I wasn’t able to complete my apprenticeship with FIU for personal reasons but I did greatly appreciate the chance to get a behind the scenes look at some of the farms and farmers I had come to admire over the years. The experience did however alter my plans of starting my own organic farm in Redland. After meeting some second-generation farmers in the area and hearing their stories of growing up in Homestead, I questioned whether it would be the best thing for my family. I had to ask myself, “Was farming the kind of future I wanted for my children? Was starting an organic farm a sound investment that I could manage with predictable returns?” My answer to both was an unfortunate no. I decided that I was content to be an avid collector of plants and trees, a small scale, backyard farmer and a supporter of local food. I get to work out my big ideas and make a positive impact in other ways.

View from Poindexter's tailgate

View from Poindexter’s tailgate

I feel like there is a lot of work to do in this area in what might be the most important shift of our generation: Transitioning from being mass consumers to abundant producers, reworking our value system into something that directly benefits us rather than distracts us, utilizing our land in ways that support our health and wellness without disrupting the ability of the natural world to support all life for generations to come. Like I said, big ideas and while we’re at it, why not reinvent what it means to be a farmer in a changing world. The New Farmer Apprenticeship position through FIU’s Agroecology Program addressed just that. It was a valuable experience for me that helped shape my future plans and solidify my understanding of the local food system where I live and beyond. All stereotypes aside, farmers have the job of feeding us all. It’s a big responsibility and they deserve our support! Eat up!

Sheryl Dutton

Sheryl Dutton

Sheryl Dutton currently lives in Miami with her family and works as a Permaculture Designer, specializing in the design and installation of tropical fruit groves, edible forest gardens and small kitchen gardens. Sheryl is the owner of Earthscape Art & Design and is available for consultations.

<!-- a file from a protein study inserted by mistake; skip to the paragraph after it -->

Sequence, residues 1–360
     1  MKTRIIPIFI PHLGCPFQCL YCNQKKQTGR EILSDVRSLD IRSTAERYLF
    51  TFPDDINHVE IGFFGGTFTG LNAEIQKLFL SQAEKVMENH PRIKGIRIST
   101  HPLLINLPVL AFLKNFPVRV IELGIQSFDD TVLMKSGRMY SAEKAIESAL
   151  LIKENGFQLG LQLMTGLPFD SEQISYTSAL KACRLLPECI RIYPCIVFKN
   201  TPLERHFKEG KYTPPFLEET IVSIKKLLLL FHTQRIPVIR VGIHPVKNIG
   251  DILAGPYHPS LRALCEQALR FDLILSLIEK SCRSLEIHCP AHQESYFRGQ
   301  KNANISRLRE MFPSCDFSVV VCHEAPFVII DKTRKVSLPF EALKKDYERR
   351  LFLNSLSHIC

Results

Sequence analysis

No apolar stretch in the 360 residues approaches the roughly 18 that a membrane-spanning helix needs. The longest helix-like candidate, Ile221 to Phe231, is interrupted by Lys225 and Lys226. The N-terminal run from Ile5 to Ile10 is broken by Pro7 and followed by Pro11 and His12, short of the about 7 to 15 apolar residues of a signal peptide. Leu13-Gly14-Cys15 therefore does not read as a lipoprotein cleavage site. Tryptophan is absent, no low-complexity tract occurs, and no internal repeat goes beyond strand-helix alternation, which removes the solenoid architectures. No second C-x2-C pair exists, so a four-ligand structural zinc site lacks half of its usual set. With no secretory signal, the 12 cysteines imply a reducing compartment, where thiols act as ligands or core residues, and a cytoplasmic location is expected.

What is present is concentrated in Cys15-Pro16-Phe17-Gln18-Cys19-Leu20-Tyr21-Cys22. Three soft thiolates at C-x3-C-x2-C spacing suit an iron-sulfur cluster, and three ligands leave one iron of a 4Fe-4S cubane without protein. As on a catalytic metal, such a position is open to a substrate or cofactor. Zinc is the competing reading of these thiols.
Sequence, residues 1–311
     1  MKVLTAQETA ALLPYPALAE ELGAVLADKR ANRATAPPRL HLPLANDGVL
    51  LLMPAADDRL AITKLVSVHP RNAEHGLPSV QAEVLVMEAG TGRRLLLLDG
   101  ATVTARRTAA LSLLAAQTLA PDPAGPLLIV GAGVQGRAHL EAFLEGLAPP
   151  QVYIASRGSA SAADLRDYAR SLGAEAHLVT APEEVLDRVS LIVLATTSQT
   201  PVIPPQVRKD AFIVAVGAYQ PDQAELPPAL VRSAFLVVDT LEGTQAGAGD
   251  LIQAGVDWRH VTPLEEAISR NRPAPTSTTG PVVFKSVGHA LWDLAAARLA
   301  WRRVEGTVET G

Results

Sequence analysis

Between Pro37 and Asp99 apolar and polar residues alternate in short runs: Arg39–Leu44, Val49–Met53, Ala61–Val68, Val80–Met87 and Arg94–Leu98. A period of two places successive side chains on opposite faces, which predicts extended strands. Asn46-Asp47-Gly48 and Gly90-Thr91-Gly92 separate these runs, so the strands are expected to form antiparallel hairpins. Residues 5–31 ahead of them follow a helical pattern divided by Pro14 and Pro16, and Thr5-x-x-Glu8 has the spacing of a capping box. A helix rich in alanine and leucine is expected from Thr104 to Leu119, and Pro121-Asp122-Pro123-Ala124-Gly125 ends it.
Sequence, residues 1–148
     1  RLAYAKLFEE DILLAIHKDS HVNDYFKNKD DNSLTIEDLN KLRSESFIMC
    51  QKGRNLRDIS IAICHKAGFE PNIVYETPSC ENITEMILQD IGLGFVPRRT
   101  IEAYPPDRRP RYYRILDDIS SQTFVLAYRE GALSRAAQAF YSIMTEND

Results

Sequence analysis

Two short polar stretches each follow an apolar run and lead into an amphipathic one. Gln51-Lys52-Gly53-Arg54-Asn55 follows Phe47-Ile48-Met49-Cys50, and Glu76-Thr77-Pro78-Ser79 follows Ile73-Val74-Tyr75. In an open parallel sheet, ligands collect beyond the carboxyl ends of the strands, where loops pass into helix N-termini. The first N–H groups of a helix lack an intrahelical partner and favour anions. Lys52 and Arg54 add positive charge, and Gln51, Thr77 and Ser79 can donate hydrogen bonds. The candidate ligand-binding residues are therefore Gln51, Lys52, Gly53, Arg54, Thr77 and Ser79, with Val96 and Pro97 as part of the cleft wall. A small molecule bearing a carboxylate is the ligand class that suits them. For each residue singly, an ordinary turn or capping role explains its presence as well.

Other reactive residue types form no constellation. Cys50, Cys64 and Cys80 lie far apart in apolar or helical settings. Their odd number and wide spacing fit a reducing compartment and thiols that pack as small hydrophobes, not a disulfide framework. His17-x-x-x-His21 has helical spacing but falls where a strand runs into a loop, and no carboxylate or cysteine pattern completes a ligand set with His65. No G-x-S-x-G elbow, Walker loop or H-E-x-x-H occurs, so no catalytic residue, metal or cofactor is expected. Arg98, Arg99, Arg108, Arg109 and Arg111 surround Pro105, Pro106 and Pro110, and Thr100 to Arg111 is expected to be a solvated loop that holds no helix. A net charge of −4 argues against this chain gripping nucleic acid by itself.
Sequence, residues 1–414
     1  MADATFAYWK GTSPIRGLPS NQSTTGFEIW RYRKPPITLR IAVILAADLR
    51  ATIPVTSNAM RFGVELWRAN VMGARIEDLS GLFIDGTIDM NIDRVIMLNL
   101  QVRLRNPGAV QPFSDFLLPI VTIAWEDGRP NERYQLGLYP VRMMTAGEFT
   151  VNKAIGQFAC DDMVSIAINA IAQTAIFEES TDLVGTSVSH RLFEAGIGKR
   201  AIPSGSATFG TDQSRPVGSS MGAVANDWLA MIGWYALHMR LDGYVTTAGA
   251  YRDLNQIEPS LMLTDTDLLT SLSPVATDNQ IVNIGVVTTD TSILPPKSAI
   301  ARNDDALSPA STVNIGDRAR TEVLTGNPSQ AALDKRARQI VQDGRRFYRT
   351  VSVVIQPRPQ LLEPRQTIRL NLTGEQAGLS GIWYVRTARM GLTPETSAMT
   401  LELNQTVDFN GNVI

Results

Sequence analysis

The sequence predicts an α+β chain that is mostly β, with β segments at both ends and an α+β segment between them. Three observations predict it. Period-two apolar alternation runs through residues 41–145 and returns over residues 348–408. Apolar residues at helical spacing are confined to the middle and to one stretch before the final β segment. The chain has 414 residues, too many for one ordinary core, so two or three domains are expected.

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Bagging the beans

Luis (left) weighs a bag of beans, with Victor and Donna.

Early on the last Friday of the CSA season, the sun rose steadily in the sky, and late season tomatoes in vegetable beds overrun with weeds glittered with the last fat drops of morning dew. Inside the big metal barn at Bee Heaven Farm, work had already started on packing the last shares of the season.

Bagging bushels of beans.

First, green beans had to be weighed and bagged. They had arrived the day before from Witt Road Farms in La Belle. Several full bushel boxes needed to be portioned out equally. Family shares got one pound, and small shares got half a pound. The farm interns got into two teams to divide up the work. In each team, two people bagged and weighed, and two tied and counted the bags.

Exactly one pound of green beans.

On my team, Victor and Luis bagged and weighed. Donna and I had the job of tying and counting. Donna showed me a cool, quick technique to tie a bag. She explained, “First you smush the air out of it, then fold over the top edge. Hold the two corners, flip the bag around a couple times, then knot the corners together.” The first time I tried flipping the bag, I smacked myself in the chest and Donna and I both laughed. “Better than your face,” she teased. She and I placed bags of beans into rows of five, counted, then loaded them into a green tote.

Bag, weigh, tie, count. Bag, weigh, tie, count.  The two teams bantered back and forth as they packed with a quick and easy flow that came from weeks of working together. Bag, weigh, tie, count. In 20 minutes it was all over — the crew packed 115 one-pound bags and 242 half-pound bags — and it wasn’t even 7:30 yet!

L to R: Victor, Sadie (hidden behind) Margie, Tim (hand showing, behind) Marsha, Luis, Donna

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Dances with rebar

Sadie working rebar out of the ground.

After Bee Heaven Farm’s CSA season ended in May, work shifted to cleaning up planting beds and putting things away. Irrigation hoses and tapes that watered plants at ground level were rolled up. Bamboo poles that supported colorful heirloom beans were pulled up and stacked in the barn. And the toughest job of all was to take down the tomato trellising.

Giving a good tug to see if rebar will come loose.

Heirloom tomatoes are indeterminate, meaning their vines just grow and grow. Their limit is determined by the height of trellising. At Bee Heaven Farm, the support is about 6 feet. Rebar — just like what you’d find on a construction site — is set into the ground several feet apart along each row. Wire mesh is run along the rebars from one end of the row to the other, and this is what supports tomato vines. But when the growing season is over, the mesh needs to be rolled back up and rebar pulled out and put away in the barn for the summer.

Triumphant Sadie takes rebar back to the barn.

Farm interns Mike and Sadie had the tough job of removing trellising, including all the rebar. How hard could it be to pull a piece of metal out of the ground? Pretty hard, I discovered. The soil is dry and holds the steel like cement. You have to wiggle the rebar around, widen its hole, pour some water in to soften the soil, push and pull and twist the rebar around, add more water, maybe catch your breath, and do it again until finally, finally it loosens up and you can tug it out of the ground. (It’s quite a workout for the arms!)